More endurance athletes looking for sustained energy have turned to ketogenic diets to achieve ketosis to fuel their performances on fat during training and racing.
Fat offers an ideal fuel source because it is energy dense, providing nine calories per gram, versus just four calories from an equivalent dose of carbs.
Perhaps more importantly, fuelling more of your efforts with fat preserves glycogen for those intense efforts or that surge for the finish line.
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Athletes who want to benefit from fat-fuelled efficiency should ideally follow a strict very low-carb diet (VLCD) diet known as a ketogenic diet.
This eating plan consists of a very high fat intake, coupled with a moderate protein and low carbohydrate intake.
The basic guidelines require restricting carbohydrates to just 50g/day or less, which is quite extreme – it’s the equivalent of a cup of brown rice, for example.
The low carb intake effectively shifts the body’s primary energy metabolism pathway away from glucose to lipolysis – the processes where the body breaks down fats into free fatty acids. The liver then converts these free fatty acids into ketones in a process known as ketogenesis.
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The keto kick
The ketone bodies your body produces then circulate and replace glucose as the body’s primary energy source, fulfilling the various vital functions that glucose had in the body.
As ketone bodies in the blood increase over time, they will eventually reach a threshold level, which is when the body technically enters a state of ketosis.
Apply these tips to help you achieve ketosis:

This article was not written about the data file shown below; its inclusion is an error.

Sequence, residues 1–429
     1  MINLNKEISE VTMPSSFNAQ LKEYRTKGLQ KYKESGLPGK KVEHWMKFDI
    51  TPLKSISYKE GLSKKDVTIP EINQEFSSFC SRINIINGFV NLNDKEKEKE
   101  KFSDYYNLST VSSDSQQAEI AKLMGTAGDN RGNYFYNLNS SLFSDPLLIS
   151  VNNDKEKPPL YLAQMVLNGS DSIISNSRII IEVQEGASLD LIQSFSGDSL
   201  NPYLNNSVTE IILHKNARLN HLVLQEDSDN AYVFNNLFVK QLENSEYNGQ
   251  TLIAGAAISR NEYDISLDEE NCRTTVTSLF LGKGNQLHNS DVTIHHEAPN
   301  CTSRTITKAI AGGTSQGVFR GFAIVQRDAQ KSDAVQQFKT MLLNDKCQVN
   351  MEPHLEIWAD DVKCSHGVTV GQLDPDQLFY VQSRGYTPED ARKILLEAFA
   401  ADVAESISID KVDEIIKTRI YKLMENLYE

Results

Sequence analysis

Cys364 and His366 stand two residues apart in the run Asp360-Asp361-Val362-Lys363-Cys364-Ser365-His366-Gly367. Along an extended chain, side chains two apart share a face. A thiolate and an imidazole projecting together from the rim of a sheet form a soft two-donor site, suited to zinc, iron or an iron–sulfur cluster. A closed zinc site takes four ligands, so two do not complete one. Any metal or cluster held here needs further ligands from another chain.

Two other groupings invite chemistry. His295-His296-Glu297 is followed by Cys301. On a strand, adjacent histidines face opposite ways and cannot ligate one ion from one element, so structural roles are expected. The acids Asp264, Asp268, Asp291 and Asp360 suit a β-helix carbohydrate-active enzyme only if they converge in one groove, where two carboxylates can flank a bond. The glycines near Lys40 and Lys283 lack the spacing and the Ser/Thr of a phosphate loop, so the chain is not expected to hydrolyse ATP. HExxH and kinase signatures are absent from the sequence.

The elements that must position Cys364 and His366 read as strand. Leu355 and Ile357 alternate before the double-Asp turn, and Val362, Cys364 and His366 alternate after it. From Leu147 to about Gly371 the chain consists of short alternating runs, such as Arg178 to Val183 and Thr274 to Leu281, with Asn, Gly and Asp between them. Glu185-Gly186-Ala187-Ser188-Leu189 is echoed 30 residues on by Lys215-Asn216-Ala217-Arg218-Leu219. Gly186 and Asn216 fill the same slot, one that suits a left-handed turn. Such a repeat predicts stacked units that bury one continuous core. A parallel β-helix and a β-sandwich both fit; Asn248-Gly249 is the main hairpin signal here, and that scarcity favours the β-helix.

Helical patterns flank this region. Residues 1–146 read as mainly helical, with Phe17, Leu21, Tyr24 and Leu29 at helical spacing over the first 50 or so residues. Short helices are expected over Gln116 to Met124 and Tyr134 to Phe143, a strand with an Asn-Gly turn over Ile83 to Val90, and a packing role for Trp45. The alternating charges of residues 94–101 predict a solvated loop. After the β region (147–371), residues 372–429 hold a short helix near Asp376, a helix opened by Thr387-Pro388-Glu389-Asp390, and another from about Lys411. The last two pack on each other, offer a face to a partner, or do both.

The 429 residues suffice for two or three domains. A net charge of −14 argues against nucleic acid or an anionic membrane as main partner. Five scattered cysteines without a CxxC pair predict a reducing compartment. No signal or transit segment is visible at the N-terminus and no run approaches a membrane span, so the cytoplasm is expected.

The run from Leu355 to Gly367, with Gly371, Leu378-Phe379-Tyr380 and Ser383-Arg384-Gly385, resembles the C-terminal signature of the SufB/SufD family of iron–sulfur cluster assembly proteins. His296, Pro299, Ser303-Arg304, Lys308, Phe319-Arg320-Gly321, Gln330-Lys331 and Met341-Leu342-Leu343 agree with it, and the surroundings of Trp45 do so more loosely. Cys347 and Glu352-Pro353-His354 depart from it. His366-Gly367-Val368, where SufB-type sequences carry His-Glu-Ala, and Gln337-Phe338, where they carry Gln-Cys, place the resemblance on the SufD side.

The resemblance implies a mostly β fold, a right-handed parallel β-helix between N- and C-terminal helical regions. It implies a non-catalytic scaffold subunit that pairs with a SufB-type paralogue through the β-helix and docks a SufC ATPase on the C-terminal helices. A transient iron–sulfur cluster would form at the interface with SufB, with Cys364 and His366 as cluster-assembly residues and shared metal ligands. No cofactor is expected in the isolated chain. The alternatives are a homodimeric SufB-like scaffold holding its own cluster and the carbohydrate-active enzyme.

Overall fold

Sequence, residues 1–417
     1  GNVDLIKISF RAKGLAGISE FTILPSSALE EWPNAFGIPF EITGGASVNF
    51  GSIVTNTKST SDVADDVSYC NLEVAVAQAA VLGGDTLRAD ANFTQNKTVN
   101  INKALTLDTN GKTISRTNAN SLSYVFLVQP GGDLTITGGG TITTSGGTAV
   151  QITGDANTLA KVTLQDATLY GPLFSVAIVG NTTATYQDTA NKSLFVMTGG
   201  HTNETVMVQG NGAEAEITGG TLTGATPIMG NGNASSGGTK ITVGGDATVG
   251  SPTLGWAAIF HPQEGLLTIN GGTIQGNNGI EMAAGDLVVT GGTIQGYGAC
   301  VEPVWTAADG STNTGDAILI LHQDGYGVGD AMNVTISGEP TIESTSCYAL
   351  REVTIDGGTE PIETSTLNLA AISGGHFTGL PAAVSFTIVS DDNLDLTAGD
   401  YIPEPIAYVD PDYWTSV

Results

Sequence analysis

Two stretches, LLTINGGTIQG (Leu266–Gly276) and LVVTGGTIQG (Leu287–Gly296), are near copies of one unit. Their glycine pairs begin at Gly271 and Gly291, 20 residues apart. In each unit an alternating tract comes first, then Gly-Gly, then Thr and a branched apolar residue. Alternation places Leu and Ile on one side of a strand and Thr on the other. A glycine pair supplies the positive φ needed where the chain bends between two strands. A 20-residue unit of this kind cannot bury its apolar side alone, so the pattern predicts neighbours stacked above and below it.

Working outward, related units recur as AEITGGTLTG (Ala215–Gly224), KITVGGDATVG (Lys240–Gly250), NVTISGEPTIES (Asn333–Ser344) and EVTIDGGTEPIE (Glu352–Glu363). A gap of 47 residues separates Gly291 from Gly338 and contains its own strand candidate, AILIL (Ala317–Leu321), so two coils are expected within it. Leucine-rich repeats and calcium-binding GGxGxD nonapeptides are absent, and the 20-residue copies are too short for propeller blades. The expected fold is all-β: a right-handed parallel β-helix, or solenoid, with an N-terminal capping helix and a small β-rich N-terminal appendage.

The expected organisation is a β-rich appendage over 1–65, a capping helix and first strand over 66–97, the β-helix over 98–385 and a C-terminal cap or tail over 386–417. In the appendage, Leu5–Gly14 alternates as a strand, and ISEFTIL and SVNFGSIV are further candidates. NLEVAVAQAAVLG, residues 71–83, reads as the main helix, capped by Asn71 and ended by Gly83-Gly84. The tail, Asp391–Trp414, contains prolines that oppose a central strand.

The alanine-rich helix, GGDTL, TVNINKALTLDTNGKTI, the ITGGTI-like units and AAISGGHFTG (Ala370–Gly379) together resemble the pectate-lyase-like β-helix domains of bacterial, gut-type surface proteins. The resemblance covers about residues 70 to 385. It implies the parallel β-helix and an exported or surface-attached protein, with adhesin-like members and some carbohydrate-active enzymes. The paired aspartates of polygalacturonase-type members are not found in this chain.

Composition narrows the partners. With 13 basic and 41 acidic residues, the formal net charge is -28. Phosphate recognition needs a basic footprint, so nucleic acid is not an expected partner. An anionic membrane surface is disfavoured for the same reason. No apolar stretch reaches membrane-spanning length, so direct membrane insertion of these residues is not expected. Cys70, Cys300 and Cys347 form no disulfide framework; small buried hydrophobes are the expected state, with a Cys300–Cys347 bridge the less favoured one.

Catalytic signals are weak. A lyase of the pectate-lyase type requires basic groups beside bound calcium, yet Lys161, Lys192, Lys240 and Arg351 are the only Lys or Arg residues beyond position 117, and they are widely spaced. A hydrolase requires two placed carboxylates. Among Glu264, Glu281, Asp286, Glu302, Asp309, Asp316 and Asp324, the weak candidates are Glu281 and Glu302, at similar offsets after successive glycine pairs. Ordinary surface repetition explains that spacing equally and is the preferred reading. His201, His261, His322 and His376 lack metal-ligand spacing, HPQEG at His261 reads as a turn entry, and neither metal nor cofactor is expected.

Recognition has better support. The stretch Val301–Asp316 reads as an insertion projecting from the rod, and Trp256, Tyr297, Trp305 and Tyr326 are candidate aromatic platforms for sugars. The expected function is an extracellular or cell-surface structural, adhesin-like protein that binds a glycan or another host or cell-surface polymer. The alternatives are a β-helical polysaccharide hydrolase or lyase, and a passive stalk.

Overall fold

- Eat sufficient fat, particularly foods high in medium-chain triglycerides and monounsaturated and polyunsaturated fats, including coconuts, avocados, natural oils, tree nuts and certain seeds, as well as unprocessed meats and leafy green vegetables.
- Drink sufficient water and replace electrolytes.
- Get sufficient sleep.
- Monitor your calorie intake to avoid overeating.
- Constantly monitor your blood lipid profile to manage any adverse conditions that may arise from an increase in cholesterol.
- Progressively reduce the amount of carbohydrates consumed over time to no more than 50g/day.
- Supplement with a multivitamin and mineral complex to compensate from a lack of micronutrients usually derived from the carbs, fruit and vegetables excluded from a ketogenic diet.
- Include a fibre supplement to maintain healthy digestion.
- Test your urine using keto strips or sticks to determine when you reach a state of ketosis and maintain this state as required.
- Train using a high-volume, low-intensity approach until you adapt.
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Beware the keto flu
Severely restricting an entire food group (in this case carbs) has its challenges, both physiologically and psychologically. A common physiological issue is known as keto flu.
Athletes can experience this phenomenon when entering the initial induction phase of a ketogenic diet as a consequence of their radically reduced carbohydrate intake.
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Countering the keto flu
You can alleviate keto flu symptoms by replenishing electrolytes and minerals in the body in the form of potassium, magnesium and sodium.
You may experience a drop in mental and physical performance for a few weeks as your body tries to tap its missing fuel source.
Abandon your ketogenic diet if after three weeks your body hasn’t adapted.
What to avoid when making the shift to ketosis:
- Don’t significantly reduce your carb intake without going through a “metabolic shift” – the process whereby the body is weaned off its reliance on glucose and learns to function properly using ketones as an energy source.
- Don’t eat processed meats, root vegetables, legumes (including peanuts), sweet fruits, grains, fast and convenience foods, low-fat variants, sweets, chocolates, processed carbs, sugar, artificial sweeteners, starchy carbs, baked goods, and margarine.
- Don’t drink sugary drinks, sweetened beverages, excessive dairy milk or alcohol.
- Don’t include too much protein in your diet. The body can convert amino acids into glucose, which can shift you out of your ketogenic state.
- Don’t give up if you experience brain fog or a dip in cognitive function initially. The brain relies primarily on glucose and adaptation to ketones can take up to three weeks.